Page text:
The key to baking croissants is to start with excellent butter. A person CAN tell the difference between regular store bought and European butter. These croissants are very light and flaky. Maybe not a weekly habit to bake but definitely a special occasion habit.

Classic Croissants
(adapted from the Fine Cooking Magazine)
Makes 15 Croissants

For the dough:
1 lb. 2 oz. (4 cups) unbleached all-purpose flour; more for rolling
5 oz. (1/2 cup plus 2 Tbs.) cold whole milk
2 oz. (1/4 cup plus 2 Tbs.) granulated sugar
1-1/2 oz. (3 Tbs.) soft unsalted butter
1 Tbs. plus scant 1/2 tsp. instant yeast
2-1/4 tsp. table salt

For the butter layer:
10 oz. (1-1/4 cups) cold unsalted butter

For the egg wash:
1 large egg

Make the dough
Combine all of the dough ingredients in the bowl of a stand mixer fitted with the dough hook. Mix on low speed for 3 minutes, scraping the sides of the mixing bowl once if necessary. Mix on medium speed for 3 minutes. Transfer the dough to a lightly floured 10-inch pie pan or a dinner plate. Lightly flour the top of the dough and wrap well with plastic so it doesn’t dry out. Refrigerate overnight.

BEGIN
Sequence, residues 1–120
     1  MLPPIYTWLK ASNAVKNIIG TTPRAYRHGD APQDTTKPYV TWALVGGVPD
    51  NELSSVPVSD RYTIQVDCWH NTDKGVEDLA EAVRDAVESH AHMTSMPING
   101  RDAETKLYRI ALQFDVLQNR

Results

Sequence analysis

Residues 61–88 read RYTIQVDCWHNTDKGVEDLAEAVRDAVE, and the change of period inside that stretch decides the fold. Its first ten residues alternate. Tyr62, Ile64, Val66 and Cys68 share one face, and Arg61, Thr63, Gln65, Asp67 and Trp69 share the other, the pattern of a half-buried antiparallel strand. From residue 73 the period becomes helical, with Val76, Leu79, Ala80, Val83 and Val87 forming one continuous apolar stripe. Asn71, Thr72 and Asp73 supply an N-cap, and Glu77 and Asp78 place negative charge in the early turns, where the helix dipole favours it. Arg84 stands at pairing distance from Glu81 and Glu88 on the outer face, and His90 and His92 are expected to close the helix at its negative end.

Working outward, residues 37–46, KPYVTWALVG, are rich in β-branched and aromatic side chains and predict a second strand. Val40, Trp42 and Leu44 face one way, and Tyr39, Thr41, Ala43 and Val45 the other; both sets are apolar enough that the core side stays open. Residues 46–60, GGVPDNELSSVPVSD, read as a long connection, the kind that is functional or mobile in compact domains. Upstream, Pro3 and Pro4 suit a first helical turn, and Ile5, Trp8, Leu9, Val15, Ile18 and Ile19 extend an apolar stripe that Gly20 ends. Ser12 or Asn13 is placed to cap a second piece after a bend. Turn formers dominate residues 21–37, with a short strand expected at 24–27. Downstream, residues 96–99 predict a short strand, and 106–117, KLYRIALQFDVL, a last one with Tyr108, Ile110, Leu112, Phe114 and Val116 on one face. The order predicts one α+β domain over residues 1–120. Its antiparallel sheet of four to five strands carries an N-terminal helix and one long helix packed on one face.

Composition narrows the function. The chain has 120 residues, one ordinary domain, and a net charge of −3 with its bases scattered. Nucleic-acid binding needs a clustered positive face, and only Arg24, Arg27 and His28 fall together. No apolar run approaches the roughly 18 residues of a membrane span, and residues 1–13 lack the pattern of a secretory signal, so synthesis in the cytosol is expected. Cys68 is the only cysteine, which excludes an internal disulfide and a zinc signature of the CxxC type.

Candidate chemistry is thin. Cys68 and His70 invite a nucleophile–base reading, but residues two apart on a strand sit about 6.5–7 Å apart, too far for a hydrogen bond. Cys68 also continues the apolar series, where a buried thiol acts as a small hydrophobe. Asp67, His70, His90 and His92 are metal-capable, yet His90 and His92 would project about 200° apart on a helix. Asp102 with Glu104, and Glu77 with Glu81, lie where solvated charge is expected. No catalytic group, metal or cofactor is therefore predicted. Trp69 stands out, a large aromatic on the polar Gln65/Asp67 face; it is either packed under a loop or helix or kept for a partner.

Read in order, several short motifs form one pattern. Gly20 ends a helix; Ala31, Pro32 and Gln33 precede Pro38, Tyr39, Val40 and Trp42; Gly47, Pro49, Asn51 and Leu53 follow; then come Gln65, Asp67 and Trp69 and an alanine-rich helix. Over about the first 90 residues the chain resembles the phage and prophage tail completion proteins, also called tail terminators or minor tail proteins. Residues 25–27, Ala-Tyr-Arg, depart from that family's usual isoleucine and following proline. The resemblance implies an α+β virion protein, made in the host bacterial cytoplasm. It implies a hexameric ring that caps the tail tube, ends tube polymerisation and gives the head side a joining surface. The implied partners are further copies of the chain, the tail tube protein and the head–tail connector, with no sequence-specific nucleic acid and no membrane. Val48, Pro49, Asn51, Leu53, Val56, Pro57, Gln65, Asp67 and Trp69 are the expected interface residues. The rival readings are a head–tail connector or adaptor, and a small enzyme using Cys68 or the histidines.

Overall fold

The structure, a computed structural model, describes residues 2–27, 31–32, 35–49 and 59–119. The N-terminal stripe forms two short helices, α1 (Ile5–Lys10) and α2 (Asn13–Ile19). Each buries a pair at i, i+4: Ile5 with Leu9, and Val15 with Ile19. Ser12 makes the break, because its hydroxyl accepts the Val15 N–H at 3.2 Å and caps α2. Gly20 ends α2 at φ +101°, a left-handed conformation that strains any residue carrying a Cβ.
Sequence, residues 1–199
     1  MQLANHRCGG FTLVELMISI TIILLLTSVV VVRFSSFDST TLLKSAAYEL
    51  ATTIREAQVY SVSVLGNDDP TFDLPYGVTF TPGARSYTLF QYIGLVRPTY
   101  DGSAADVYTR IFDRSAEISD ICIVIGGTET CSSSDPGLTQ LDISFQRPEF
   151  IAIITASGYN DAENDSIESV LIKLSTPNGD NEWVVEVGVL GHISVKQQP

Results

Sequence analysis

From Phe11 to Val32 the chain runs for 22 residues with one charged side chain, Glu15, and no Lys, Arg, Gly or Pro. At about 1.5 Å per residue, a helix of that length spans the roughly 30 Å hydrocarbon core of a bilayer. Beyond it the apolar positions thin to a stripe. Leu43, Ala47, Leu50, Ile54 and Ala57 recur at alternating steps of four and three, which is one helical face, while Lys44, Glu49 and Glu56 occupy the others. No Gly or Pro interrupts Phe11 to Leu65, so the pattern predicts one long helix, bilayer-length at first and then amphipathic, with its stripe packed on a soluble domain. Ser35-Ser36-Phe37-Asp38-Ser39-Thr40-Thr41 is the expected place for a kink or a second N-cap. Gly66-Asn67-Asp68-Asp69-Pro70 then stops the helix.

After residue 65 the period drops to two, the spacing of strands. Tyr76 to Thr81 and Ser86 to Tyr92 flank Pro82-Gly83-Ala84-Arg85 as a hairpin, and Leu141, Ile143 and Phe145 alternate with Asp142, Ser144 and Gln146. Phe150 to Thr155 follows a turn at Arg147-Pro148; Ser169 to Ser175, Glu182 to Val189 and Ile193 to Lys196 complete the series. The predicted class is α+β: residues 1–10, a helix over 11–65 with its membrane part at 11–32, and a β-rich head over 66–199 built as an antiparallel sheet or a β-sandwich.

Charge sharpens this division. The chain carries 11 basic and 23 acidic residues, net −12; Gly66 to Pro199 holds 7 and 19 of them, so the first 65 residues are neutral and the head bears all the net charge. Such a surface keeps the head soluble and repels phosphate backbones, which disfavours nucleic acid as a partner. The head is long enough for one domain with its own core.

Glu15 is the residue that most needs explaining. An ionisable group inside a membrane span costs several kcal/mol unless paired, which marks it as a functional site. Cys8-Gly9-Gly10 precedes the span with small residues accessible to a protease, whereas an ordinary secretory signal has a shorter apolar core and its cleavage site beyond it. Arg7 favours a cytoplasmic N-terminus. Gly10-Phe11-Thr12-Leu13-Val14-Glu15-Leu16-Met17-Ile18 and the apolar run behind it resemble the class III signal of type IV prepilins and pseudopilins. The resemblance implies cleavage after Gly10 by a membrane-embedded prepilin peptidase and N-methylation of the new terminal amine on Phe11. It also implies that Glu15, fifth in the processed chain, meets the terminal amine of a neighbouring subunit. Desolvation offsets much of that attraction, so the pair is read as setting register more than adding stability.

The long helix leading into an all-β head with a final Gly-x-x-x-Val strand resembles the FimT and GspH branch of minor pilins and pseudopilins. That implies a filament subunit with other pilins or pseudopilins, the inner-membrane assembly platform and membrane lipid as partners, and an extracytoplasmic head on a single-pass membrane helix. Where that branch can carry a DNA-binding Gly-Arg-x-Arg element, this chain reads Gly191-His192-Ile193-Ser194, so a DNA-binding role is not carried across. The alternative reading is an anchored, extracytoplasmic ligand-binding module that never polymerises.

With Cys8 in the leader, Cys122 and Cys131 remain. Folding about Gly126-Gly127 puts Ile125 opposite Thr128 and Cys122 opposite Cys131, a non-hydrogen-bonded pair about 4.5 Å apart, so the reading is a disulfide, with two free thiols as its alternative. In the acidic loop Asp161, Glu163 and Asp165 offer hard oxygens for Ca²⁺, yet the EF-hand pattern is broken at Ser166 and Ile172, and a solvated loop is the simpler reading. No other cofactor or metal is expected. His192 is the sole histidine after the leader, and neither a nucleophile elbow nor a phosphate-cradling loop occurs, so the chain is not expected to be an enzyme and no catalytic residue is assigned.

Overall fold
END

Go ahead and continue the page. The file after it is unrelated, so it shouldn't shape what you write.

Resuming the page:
Make the butter layer
The next day, cut the cold butter lengthwise into 1/2-inch-thick slabs. Arrange the pieces on a piece of parchment or waxed paper to form a 5- to 6-inch square, cutting the butter crosswise as necessary to fit. Top with another piece of parchment or waxed paper. With a rolling pin, pound the butter with light, even strokes. As the pieces begin to adhere, use more force. Pound the butter until it’s about 7-1/2 inches square and then trim the edges of the butter. Put the trimmings on top of the square and pound them in lightly with the rolling pin. Refrigerate while you roll out the dough.

Laminate the dough